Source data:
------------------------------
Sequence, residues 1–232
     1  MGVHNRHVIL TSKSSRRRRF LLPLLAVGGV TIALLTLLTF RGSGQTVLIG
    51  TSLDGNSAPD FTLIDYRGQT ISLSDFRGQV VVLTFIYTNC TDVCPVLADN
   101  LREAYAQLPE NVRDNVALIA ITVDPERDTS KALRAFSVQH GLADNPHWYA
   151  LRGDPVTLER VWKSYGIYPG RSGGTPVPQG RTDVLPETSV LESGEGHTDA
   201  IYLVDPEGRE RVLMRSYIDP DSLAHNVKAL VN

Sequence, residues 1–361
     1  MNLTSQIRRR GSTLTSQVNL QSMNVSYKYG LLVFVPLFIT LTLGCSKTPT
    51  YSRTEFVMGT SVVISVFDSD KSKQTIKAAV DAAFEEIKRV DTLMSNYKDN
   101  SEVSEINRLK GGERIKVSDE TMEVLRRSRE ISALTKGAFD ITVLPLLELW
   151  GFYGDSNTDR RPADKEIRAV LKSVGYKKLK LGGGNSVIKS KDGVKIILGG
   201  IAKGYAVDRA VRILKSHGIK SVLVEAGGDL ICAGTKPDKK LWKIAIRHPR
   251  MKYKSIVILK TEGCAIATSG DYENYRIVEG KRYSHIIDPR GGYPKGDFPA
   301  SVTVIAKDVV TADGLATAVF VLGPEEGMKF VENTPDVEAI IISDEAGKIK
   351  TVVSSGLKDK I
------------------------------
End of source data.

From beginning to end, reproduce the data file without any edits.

Sequence, residues 1–232
     1  MGVHNRHVIL TSKSSRRRRF LLPLLAVGGV TIALLTLLTF RGSGQTVLIG
    51  TSLDGNSAPD FTLIDYRGQT ISLSDFRGQV VVLTFIYTNC TDVCPVLADN
   101  LREAYAQLPE NVRDNVALIA ITVDPERDTS KALRAFSVQH GLADNPHWYA
   151  LRGDPVTLER VWKSYGIYPG RSGGTPVPQG RTDVLPETSV LESGEGHTDA
   201  IYLVDPEGRE RVLMRSYIDP DSLAHNVKAL VN

Sequence, residues 1–361
     1  MNLTSQIRRR GSTLTSQVNL QSMNVSYKYG LLVFVPLFIT LTLGCSKTPT
    51  YSRTEFVMGT SVVISVFDSD KSKQTIKAAV DAAFEEIKRV DTLMSNYKDN
   101  SEVSEINRLK GGERIKVSDE TMEVLRRSRE ISALTKGAFD ITVLPLLELW
   151  GFYGDSNTDR RPADKEIRAV LKSVGYKKLK LGGGNSVIKS KDGVKIILGG
   201  IAKGYAVDRA VRILKSHGIK SVLVEAGGDL ICAGTKPDKK LWKIAIRHPR
   251  MKYKSIVILK TEGCAIATSG DYENYRIVEG KRYSHIIDPR GGYPKGDFPA
   301  SVTVIAKDVV TADGLATAVF VLGPEEGMKF VENTPDVEAI IISDEAGKIK
   351  TVVSSGLKDK I